For the engineering geologist, site investigation forms a vital part of the project feasibility study and his role in investigation is usually concerned with the planning and perhaps control of the aspects of the fieldwork. As a member of the project team his particular contribution is based on a thorough grounding in the fundamentals of geology and his working knowledge of the requirements and procedures of foundation engineering.
Considered in rather broad terms, site investigation has two main objectives—firstly to obtain a qualitative picture of the sub-surface conditions in the project area and secondly to obtain quantitative estimates of the engineering properties of the soils and rocks. The latter is used in the analytical predictions of the behaviour of the proposed construction (Davis & Poulos, 1967).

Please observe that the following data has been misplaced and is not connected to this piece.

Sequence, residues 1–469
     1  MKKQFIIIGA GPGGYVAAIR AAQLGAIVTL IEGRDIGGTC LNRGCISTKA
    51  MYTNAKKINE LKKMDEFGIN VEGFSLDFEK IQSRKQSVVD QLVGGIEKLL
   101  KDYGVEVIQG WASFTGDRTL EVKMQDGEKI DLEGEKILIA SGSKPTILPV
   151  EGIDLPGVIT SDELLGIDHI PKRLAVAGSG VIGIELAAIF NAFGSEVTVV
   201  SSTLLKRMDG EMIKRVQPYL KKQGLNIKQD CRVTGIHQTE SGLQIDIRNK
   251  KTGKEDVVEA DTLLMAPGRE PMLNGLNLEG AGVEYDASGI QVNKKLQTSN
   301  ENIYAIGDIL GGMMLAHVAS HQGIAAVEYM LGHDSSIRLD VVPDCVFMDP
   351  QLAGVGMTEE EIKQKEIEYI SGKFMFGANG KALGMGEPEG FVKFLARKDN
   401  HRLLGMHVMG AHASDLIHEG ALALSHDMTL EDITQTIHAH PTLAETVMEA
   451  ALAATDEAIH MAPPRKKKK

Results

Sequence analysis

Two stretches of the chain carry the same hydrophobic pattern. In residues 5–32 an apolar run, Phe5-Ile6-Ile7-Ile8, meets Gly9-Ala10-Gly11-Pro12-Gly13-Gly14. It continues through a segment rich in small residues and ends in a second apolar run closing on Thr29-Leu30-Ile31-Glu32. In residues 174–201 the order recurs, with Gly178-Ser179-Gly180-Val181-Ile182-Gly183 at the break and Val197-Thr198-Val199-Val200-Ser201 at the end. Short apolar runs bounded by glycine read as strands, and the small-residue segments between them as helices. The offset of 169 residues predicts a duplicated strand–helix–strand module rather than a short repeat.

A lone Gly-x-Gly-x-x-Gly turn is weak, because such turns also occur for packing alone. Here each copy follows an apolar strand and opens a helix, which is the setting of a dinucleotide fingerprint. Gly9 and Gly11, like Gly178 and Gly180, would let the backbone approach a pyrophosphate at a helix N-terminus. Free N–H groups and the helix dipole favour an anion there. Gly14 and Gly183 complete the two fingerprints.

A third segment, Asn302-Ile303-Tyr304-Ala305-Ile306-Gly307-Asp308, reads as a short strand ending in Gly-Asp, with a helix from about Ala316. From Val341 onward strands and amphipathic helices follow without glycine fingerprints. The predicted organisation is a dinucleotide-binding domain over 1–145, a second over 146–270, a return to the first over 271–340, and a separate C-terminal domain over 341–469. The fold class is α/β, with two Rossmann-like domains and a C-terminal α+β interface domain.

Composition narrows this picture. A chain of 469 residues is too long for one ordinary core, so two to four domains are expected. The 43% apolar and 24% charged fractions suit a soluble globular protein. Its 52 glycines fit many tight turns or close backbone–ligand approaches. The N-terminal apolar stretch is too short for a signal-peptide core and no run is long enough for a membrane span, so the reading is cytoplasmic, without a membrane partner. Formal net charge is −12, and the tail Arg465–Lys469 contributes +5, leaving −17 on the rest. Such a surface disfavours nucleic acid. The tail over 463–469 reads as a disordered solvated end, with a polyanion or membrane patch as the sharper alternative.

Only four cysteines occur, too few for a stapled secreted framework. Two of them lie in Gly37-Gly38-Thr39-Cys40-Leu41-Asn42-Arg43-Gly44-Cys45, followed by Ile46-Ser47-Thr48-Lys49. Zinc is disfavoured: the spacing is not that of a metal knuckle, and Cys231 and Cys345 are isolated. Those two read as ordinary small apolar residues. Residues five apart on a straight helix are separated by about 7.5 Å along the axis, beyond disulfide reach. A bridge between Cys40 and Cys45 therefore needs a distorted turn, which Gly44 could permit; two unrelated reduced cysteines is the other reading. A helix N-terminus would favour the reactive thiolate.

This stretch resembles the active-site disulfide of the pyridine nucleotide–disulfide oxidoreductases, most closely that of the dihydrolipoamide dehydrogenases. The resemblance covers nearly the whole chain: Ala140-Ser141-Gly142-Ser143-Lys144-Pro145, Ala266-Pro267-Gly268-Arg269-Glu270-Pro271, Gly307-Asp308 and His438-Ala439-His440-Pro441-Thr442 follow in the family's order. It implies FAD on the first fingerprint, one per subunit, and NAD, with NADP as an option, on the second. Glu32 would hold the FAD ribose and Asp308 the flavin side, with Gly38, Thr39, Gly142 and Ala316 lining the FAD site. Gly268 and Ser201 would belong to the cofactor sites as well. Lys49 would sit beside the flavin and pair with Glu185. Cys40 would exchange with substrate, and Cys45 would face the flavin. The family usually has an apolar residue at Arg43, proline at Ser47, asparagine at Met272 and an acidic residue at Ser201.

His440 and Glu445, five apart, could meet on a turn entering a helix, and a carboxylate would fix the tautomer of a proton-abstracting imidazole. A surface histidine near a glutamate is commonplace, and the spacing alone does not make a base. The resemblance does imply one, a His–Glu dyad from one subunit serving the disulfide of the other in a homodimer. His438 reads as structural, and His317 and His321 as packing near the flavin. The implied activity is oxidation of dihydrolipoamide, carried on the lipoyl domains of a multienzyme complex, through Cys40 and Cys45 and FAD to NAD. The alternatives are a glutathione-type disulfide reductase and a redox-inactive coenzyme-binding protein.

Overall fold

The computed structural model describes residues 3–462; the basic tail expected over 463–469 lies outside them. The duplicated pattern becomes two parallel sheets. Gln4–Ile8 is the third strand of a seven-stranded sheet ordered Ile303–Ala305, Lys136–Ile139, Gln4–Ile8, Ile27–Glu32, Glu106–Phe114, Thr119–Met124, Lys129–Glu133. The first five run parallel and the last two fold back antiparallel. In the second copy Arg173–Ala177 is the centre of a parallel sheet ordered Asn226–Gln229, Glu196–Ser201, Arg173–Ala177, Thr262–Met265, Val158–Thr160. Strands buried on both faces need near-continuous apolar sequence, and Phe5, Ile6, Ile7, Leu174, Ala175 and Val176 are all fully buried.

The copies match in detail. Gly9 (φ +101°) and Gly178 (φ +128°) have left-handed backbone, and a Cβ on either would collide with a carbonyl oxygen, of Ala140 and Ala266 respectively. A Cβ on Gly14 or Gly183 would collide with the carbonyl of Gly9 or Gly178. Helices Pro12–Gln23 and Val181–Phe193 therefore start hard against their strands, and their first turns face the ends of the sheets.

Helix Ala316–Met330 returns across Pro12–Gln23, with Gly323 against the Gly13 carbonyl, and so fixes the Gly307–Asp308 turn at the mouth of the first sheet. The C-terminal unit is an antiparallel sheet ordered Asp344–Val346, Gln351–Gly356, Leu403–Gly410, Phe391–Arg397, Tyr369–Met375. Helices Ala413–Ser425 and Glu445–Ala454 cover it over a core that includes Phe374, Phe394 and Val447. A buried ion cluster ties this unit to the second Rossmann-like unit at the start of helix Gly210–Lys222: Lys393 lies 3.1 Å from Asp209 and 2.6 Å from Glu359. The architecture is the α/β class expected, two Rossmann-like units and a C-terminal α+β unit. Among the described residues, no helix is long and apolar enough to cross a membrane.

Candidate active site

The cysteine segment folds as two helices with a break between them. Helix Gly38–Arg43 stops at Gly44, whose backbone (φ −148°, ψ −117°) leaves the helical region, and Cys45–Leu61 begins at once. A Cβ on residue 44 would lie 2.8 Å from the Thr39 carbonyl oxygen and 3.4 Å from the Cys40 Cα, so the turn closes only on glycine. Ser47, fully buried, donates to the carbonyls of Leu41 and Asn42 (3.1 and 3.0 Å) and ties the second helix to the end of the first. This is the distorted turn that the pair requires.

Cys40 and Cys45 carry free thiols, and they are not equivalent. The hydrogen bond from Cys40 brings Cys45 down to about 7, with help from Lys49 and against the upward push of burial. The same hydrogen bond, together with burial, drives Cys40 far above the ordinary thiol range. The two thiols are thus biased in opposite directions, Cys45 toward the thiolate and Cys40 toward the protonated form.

In this contribution only one aspect of investigation will be considered, that is the taking of samples in the field. It has long been recognised by engineers that the actual method used to obtain the sample during an investigation is of major significance to the accuracy and value of the test results subsequently obtained in the laboratory. The disturbance which the sample* receives during its collection directly affects the engineering properties of the test specimens. Broadly speaking this effect is at a minimum in hard rocks, e.g. granite, and is at a maximum in sediments or soils, e.g. soft clay. The comments which follow are therefore largely concerned with clayey sediments. Not only has much work been done on these materials, but